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Funded Studies

Maria Figueiredo-Pereira, PhD

Associate Professor, Department of Biological Sciences at Hunter College of the City University

Maria Figueiredo-Pereira, PhD is the co-principal investigator of this project. The initial studies that led to the development of this project were carried out in her laboratory at Hunter College of CUNY where she is an associate professor of biology. Those studies were funded by a grant from the National Institute of Health/NINDS in which she is the principal investigator. Education: University of Lisbon, Portugal BSc 1970 Biology University of Lisbon, Portugal MSc 1972 Biology New York University PhD 1985 Endocrinology Dr. Figueiredo-Pereira did her thesis work on the identification of the site of action of a gene that controls the age of the onset of maturation in the platyfish, with Dr. Klaus Kallman, a world famous fish geneticist, then at the Osborn Laboratories of Marine Research, at the New York Aquarium in Brooklyn, New York. Following her graduation, she joined the Center for Biomedical Research, a division of the Population Council located in New York City on the campus of the Rockefeller University. There, the main focus of her studies with Dr. Mario Ascoli was to understand the mechanisms by which hormones control the release of testosterone from testicular cells with the long-term goal of providing knowledge for the development of new contraceptive methods and clinical treatments. In 1987, she joined the laboratory of Dr. Sherwin Wilk, a pioneer in the field of protein degradation, in the Department of Pharmacology at Mount Sinai School of Medicine and in 1993 she became a research assistant professor in the same department. In 1998 she moved her laboratory to the Department of Biological Sciences at Hunter College of the City University of New York where she is an associate professor. Dr. Figueiredo-Pereira's research interest since 1987 has been to understand the mechanisms by which proteins in cells are eliminated and how the accumulation of unwanted proteins may be a major contributor to the degeneration of neurons, eventually leading to the development of disorders such as Parkinson's disease. She is particularly interested in addressing the role of the ubiquitin/proteasome pathway in neurodegeneration. This complex pathway for protein degradation eliminates proteins that have been tagged by ubiquitin. In 1994, her studies were among the first to establish that, if protein degradation is hindered by proteasome inhibitors developed by Dr. Wilk, neurons in culture acquire abnormal protein deposits that are ubiquitinated and eventually die. In 2000, her group was among the first to determine that proteasome inhibitors trigger proinflammatory responses in conjunction with the accumulation of ubiquitinated proteins in neurons. These two phenomena were also shown to be triggered by oxidative stress. The proinflammatory responses associated with proteasome inhibition may accelerate the neurodegenerative process in disorders such as Parkinson's and Alzheimer's disease, where the deposition of ubiquitinated proteins in neuronal inclusions could be linked to inflammation. Anti-inflammatory drugs as well as agents that prevent protein aggregation could be of therapeutic value to these forms of neurodegeneration. Dr. Figueiredo-Pereira's group also established a stable neuronal cell line expressing a mutant proteasome subunit that reduces proteasome activity. The effects of this genetic manipulation on neuronal homeostasis is currently being investigated in her laboratory. More recently, in an ongoing collaboration between Dr. Peter Werner's laboratory at Albert Einstein College of Medicine and Dr. Figueiredo-Pereira's laboratory at Hunter College of CUNY, a transgenic mouse model expressing the same mutant proteasome subunit is being developed. This proteasome transgenic mouse model will be used to address how proteasome dysfunction affects dopamine neuronal survival under a variety of stress conditions known to be associated with Parkinson's disease.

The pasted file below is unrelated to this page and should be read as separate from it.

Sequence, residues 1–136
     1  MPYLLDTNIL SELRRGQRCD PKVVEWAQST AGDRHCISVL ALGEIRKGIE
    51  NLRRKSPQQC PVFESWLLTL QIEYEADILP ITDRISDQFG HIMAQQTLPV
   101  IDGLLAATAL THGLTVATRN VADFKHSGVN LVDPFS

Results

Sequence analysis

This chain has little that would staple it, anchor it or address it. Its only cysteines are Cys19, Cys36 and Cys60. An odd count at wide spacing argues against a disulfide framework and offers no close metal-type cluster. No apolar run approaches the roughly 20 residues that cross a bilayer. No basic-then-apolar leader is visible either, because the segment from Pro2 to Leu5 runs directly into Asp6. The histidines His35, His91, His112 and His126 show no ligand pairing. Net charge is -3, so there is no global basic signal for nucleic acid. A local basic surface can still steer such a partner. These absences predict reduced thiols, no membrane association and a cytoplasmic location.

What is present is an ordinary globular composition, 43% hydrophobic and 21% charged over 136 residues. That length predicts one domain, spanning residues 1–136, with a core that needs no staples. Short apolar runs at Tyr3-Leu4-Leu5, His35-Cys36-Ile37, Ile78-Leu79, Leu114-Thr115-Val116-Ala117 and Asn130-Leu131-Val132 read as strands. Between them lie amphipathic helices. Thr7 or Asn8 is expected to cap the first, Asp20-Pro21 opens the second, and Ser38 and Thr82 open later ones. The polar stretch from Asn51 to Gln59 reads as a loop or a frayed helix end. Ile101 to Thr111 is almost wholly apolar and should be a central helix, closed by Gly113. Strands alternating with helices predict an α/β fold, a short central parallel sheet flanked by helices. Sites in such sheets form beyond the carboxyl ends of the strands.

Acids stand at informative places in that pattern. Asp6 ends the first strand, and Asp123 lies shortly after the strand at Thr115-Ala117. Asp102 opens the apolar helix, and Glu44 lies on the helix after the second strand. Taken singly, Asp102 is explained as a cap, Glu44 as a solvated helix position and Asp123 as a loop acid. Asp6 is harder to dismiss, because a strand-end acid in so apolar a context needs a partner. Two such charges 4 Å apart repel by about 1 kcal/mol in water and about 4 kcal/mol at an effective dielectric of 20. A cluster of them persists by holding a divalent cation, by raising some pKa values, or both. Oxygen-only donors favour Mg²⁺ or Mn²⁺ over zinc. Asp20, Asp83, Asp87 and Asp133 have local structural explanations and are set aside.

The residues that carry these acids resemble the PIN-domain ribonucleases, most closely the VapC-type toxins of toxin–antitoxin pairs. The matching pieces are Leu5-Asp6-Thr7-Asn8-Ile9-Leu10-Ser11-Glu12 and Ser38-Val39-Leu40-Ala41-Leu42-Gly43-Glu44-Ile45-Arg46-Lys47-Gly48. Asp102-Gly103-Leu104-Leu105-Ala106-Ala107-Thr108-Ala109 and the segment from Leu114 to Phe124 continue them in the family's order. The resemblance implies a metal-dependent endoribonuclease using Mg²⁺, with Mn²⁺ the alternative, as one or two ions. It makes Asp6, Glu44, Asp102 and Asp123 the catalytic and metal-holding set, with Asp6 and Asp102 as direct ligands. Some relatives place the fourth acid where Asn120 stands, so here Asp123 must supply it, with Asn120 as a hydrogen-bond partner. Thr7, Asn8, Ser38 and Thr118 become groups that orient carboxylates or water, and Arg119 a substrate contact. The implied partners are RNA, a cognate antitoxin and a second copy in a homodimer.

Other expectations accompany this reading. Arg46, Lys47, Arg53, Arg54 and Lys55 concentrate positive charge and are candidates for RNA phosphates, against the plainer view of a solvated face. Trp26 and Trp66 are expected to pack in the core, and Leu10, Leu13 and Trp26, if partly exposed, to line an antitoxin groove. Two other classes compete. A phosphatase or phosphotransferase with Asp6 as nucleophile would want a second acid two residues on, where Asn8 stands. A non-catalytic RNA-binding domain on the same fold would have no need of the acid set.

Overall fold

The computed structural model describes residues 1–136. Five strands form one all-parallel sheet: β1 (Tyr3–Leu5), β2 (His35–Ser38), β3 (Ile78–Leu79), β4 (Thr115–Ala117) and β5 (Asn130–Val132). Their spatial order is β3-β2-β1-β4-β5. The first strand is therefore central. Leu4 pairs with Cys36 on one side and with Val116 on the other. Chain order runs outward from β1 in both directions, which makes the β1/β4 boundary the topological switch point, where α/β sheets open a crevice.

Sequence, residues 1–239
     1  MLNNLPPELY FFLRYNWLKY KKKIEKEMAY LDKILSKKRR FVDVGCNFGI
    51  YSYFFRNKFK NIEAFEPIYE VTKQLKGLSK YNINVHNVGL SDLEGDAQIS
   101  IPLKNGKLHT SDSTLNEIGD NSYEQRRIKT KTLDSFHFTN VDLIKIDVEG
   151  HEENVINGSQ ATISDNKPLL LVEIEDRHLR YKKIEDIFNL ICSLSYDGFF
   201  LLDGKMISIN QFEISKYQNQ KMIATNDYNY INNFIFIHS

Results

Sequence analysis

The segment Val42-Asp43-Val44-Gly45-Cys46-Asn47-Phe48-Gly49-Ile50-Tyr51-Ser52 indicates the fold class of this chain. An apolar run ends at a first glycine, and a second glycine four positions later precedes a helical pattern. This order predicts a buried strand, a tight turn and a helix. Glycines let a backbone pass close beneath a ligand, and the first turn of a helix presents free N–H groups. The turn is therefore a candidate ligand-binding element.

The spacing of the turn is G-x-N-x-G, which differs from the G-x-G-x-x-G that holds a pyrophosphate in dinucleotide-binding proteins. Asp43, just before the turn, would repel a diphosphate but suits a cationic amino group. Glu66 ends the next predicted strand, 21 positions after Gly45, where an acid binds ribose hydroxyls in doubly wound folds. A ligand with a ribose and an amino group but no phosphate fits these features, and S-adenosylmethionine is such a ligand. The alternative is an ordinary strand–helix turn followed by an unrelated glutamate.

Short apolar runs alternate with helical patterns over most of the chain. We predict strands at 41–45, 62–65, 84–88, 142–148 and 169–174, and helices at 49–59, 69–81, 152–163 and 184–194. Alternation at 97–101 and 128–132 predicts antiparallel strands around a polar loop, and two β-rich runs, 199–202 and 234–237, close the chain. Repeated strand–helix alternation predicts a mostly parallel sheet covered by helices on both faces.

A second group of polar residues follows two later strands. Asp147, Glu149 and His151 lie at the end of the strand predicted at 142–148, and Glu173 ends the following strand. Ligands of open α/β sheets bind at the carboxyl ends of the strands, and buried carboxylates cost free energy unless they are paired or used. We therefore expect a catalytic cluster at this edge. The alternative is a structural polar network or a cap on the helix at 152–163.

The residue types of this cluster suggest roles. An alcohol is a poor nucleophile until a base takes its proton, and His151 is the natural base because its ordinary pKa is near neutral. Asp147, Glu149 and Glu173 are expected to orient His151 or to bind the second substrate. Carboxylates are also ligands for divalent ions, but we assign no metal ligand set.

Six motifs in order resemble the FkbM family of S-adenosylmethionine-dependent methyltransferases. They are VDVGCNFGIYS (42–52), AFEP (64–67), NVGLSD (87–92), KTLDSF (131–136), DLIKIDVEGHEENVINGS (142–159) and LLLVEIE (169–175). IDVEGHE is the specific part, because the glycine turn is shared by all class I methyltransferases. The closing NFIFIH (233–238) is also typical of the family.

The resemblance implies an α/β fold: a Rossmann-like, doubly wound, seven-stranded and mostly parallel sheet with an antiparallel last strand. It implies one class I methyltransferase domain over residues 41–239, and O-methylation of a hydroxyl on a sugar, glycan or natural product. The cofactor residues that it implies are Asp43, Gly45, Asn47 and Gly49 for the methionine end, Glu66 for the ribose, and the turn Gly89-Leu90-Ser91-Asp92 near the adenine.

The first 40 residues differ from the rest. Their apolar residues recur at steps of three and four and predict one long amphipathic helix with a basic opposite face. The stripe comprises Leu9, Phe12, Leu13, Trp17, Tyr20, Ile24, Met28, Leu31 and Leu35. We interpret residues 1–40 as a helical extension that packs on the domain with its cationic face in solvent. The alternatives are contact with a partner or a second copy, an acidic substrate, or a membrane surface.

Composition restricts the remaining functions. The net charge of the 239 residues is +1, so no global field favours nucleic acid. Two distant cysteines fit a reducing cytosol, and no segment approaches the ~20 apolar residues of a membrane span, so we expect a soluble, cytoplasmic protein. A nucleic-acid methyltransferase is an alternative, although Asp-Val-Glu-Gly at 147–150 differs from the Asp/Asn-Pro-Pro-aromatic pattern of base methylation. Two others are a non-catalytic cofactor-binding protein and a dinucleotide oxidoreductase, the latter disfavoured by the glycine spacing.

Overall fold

Associated Grants

  • Characterization of Dopaminergic Neurons in a Proteasome-transgenic Pre-Clinical Model


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